Among the corporate huts and hospitality suites that clog the visitors' village at the Gleneagles golf club, home of the 2014 Ryder Cup, one name stands out. It is Mouton Cadet, the illustrious Bordeaux label created in 1930 by Baron Philippe de Rothschild.
It stands out because the Rothschild wine-making dynasty is famously discreet and subtle. Other than the Cannes film festival, it tends to avoid big international events, and certainly sporting events, where the crowds can be large, loud and loutish.
All that changed three years ago when Mouton Cadet, known within the company as the "younger brother" of Château Mouton Rothschild, regarded as one of the world's greatest clarets, formed a partnership with the European golf tour. That, in turn, led to the sponsorship of the much larger Ryder Cup, whose three-day competition starts Friday morning.
While the owners and managers of the parent company, Baron Philippe de Rothschild SA, insist that no other sporting event will be associated with Mouton Cadet, the Ryder Cup does mark a turning point in the winemaker's strategy.
It is recognition that a planet full of wealthy consumers has a lot of choice in the luxury market, from sports cars to yachts, and that brands cannot rest on their laurels; they have to be nurtured, but ever so carefully.
"You know that if you don't make your brand live, it will one day disappear," Julien de Beaumarchais de Rothschild, co-owner of Château Mouton Rothschild, said on Thursday in Mouton Cadet's hospitality suite at Gleneagles.
Julien, 43, is the younger son of Baroness Philippine de Rothschild, the matriarch of the wealthy family of winemakers who died last month at age 80, and cousins of the British investment banking strand of the family, whose prominent members include Jacob Rothschild, the fourth baron Rothschild.
Philippine became the head of the family company and the chatelaine of the winery in 1988, when her father, Baron Philippe, died (her aristocratic Catholic mother, Élisabeth Pelletier de Chambure, became the only member of the Rothschild family to die in a German concentration camp in the Second World War).
Baroness Philippine remained firm control of the company until she passed away, though had the good sense to bring professional outside managers, and approved of Mouton Cadet's foray into the golfing world – even if the idea was met with skepticism at first. "We are not golf players," Julien said. "We said no, then we said yes."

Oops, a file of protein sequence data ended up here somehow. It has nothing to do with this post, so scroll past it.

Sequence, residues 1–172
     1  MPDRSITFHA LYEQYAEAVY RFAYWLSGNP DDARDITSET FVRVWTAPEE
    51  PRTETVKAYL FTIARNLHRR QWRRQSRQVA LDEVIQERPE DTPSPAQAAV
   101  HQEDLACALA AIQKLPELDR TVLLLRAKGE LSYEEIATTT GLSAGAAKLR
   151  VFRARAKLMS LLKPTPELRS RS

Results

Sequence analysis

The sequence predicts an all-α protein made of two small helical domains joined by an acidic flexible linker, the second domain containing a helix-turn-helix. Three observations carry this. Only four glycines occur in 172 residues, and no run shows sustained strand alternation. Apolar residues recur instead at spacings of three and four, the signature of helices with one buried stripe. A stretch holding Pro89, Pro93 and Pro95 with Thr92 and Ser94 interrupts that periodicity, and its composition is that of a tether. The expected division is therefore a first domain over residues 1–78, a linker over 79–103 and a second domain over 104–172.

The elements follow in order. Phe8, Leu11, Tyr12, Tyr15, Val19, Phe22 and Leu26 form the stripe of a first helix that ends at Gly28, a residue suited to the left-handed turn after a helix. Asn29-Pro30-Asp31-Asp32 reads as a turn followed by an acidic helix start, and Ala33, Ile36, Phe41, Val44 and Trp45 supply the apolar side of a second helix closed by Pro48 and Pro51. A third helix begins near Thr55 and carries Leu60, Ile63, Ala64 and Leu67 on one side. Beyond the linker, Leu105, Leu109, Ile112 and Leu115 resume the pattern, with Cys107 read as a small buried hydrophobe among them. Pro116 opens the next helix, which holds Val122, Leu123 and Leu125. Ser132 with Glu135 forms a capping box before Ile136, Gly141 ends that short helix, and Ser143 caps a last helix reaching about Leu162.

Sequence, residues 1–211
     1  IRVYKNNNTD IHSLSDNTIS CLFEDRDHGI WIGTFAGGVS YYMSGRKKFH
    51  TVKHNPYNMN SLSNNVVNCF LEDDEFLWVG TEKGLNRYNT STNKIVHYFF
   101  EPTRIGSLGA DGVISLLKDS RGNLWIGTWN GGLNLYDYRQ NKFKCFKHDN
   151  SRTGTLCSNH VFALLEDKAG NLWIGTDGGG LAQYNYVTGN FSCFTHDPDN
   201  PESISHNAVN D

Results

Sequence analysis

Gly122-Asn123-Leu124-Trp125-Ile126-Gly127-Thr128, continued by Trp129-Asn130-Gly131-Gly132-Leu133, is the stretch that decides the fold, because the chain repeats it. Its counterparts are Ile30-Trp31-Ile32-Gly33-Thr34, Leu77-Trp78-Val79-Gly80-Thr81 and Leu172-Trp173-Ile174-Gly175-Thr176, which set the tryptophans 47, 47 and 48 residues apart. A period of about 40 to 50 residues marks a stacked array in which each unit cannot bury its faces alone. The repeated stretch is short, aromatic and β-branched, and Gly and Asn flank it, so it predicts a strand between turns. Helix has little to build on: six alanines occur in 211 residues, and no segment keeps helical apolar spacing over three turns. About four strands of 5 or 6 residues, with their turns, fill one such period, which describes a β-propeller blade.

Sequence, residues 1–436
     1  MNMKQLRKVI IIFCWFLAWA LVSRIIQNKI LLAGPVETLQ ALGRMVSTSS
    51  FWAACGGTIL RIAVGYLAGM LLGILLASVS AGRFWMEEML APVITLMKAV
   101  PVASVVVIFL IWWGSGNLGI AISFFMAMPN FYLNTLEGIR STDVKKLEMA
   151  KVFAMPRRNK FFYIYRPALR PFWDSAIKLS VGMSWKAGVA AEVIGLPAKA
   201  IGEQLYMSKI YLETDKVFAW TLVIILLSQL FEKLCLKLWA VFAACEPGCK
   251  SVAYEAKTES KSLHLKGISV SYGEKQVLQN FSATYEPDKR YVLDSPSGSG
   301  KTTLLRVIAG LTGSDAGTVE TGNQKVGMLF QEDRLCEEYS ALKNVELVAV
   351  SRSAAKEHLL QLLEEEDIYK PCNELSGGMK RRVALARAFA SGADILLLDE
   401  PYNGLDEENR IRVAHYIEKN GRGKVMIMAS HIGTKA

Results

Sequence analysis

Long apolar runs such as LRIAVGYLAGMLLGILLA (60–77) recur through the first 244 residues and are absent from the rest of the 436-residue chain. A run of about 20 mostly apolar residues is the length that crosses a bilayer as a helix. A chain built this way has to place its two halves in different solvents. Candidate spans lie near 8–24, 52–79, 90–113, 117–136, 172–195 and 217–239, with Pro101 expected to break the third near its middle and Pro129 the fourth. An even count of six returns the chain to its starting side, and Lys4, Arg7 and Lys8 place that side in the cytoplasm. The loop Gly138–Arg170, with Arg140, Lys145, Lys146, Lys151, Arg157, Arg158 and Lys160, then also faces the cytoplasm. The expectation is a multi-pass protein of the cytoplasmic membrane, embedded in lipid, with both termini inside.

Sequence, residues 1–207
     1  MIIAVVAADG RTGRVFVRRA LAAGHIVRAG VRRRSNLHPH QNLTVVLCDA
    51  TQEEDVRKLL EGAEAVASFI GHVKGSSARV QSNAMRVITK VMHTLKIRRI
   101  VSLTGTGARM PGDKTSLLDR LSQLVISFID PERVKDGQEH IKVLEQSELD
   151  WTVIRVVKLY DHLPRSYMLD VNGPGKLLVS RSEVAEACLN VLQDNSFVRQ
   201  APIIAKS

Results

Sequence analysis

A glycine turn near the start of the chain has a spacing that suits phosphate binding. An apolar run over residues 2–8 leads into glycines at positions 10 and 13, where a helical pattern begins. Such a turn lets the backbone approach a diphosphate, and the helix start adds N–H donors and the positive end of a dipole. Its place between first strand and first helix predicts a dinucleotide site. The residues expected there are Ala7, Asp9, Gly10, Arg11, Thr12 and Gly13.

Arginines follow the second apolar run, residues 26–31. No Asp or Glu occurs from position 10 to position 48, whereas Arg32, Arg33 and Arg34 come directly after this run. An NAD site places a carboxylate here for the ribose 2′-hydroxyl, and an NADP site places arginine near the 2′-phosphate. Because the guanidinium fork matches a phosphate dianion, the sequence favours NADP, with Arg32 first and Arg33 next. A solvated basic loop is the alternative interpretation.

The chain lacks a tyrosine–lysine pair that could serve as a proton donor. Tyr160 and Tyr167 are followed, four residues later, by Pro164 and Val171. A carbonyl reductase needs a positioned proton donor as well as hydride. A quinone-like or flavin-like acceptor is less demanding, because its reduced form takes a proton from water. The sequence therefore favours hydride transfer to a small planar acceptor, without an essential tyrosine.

It's not entirely true that sports in general, and golf in particular, were alien to the Rothschild culture. Hugues Lechanoine, the non-Rothschild who is managing director of the parent company, does indeed like golf and saw an opportunity. Until a few years ago, Mouton Cadet was losing market share in New World, that is, non-European, markets as quality wines from Australia, South Africa, United States and elsewhere came on strong. Attaching the Mouton Cadet brand name to a big-name international event might give the Mouton Cadet label a boost, he reasoned.
But why golf? To Julien and Mr. Lechanoine, international golf is the perfect blend between the popular and the upscale, but not too upscale, just like Mouton Cadet itself. "Golf is between polo and rugby," Mr. Lechanoine said. "There is both an elegance and an accessibility to the sport, popular but chic."
The decision was made and Mr. Lechanoine arranged a meeting with Paul McGinley, the Irishman who is captain of the Ryder Cup's European squad. The sponsorship deal, whose financial details are private, included the launch of a unique Mouton Cadet red that is a blend of Merlot and Cabernet Sauvignon. Only 7,000 cases were made and the bottles carry the Ryder Cup logo. The wine is being served at the thousands of lunches at Gleneagles.
Both Julien and Mr. Lechanoine admit that judging the success of the link with the Ryder Cup will be hard to measure in the near term. But the Rothshilds don't plan for the near term. The partnership with the Ryder Cup goes through 2018 and could be extended. "This [golf association] is long term and the Rothschilds think long term," Mr. Lechanoine said.